Frequency response of damage [sic] external post-tensioned tendons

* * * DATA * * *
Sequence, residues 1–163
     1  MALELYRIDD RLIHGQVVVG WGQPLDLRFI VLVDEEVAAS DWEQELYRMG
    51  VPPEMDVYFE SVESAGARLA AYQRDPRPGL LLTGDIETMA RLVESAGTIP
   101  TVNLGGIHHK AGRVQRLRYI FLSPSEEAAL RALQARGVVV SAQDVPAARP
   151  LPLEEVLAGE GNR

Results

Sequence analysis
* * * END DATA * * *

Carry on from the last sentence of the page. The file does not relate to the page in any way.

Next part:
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Bridges with external post-tensioned tendons are considered to be more durable than bridges with internal tendons (tendons within the webs and flanges), because external tendons are easier to inspect. In addition, in the event that extensive corrosion damage is detected, it is possible to replace an external tendon. However, an appropriate inspection for detecting damage needs to be determined for external tendons. This investigation focuses on the vibration technique, which uses the dynamic properties of the external tendon to infer the effective prestress force. Four large-scale external tendons, designed to simulate one section of an external tendon between two deviators in a post-tensioned bridge, were tested. In the study, damage to the tendons was induced in a quantifiable fashion at a specific location and the tensile force was measured directly. In addition, free-vibration tests were conducted periodically. This provided a direct means of measuring the sensitivity of measured natural frequencies and measured tensile force to local damage. The measured data were correlated with an approximation of the stiff string vibration model. In addition to the laboratory specimens, field testing was conducted on a bridge with external post-tensioned tendons. The findings from the study show that a loss in tensile force was not linear with a loss in the cross-sectional area of the strand, which results from stress redistribution within the tendon. Also, the natural frequencies were much less sensitive to the level of induced damage than the tensile force. While the measured data from the laboratory data compared very well with the analytical model, the field measurements exhibited a much greater deviation from the model. Due to several factors, the difference between the laboratory specimens and the bridge tendons are believed to be caused by larger levels of inherent error in the model. The findings from the investigation support the notion that vibration testing is most appropriately used in comparing relative differences between peer tendons.